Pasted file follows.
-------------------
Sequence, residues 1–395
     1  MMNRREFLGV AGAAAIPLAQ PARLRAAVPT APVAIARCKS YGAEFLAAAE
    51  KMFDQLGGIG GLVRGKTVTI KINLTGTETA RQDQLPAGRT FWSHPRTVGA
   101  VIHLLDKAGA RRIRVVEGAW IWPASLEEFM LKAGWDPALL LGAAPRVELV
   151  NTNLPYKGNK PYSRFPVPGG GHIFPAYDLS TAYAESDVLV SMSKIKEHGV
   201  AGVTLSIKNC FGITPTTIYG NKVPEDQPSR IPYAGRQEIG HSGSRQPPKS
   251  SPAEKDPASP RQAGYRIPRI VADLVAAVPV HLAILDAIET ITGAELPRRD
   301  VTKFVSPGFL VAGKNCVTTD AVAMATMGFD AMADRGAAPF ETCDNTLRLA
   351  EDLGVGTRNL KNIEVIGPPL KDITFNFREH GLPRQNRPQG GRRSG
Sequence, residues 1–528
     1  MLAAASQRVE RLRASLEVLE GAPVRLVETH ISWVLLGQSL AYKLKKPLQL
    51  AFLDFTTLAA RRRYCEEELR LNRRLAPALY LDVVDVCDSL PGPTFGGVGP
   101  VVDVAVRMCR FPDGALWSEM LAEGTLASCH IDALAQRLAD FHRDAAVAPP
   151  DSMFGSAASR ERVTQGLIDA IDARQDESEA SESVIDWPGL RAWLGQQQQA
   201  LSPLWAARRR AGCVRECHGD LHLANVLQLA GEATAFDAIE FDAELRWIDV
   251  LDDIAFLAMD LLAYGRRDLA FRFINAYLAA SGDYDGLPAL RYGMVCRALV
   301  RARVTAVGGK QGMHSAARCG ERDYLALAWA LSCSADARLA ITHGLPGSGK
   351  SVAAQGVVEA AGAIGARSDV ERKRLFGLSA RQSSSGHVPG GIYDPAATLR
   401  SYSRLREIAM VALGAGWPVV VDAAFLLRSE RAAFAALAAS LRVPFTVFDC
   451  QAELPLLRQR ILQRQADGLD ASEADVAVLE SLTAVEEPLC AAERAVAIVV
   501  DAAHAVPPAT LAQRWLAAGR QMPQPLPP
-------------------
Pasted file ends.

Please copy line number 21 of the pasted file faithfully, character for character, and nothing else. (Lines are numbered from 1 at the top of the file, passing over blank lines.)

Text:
   501  DAAHAVPPAT LAQRWLAAGR QMPQPLPP